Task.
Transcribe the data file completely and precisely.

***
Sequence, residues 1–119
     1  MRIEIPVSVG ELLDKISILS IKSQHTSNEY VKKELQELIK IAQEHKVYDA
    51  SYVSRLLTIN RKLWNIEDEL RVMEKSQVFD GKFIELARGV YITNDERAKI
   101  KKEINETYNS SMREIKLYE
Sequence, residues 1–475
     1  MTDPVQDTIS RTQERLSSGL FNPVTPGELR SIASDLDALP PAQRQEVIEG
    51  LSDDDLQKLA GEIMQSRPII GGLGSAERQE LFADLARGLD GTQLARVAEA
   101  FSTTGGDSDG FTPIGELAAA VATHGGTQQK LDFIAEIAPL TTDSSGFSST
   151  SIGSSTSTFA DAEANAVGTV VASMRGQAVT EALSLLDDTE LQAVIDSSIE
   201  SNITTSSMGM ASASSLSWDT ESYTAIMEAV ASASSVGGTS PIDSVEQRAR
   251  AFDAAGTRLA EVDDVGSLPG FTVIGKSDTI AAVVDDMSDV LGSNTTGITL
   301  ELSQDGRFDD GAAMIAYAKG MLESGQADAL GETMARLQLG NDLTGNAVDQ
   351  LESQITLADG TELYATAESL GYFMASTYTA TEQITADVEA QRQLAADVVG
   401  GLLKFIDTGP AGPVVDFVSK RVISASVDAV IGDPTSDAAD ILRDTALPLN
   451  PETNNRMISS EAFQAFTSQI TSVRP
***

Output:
Sequence, residues 1–119
     1  MRIEIPVSVG ELLDKISILS IKSQHTSNEY VKKELQELIK IAQEHKVYDA
    51  SYVSRLLTIN RKLWNIEDEL RVMEKSQVFD GKFIELARGV YITNDERAKI
   101  KKEINETYNS SMREIKLYE
Sequence, residues 1–475
     1  MTDPVQDTIS RTQERLSSGL FNPVTPGELR SIASDLDALP PAQRQEVIEG
    51  LSDDDLQKLA GEIMQSRPII GGLGSAERQE LFADLARGLD GTQLARVAEA
   101  FSTTGGDSDG FTPIGELAAA VATHGGTQQK LDFIAEIAPL TTDSSGFSST
   151  SIGSSTSTFA DAEANAVGTV VASMRGQAVT EALSLLDDTE LQAVIDSSIE
   201  SNITTSSMGM ASASSLSWDT ESYTAIMEAV ASASSVGGTS PIDSVEQRAR
   251  AFDAAGTRLA EVDDVGSLPG FTVIGKSDTI AAVVDDMSDV LGSNTTGITL
   301  ELSQDGRFDD GAAMIAYAKG MLESGQADAL GETMARLQLG NDLTGNAVDQ
   351  LESQITLADG TELYATAESL GYFMASTYTA TEQITADVEA QRQLAADVVG
   401  GLLKFIDTGP AGPVVDFVSK RVISASVDAV IGDPTSDAAD ILRDTALPLN
   451  PETNNRMISS EAFQAFTSQI TSVRP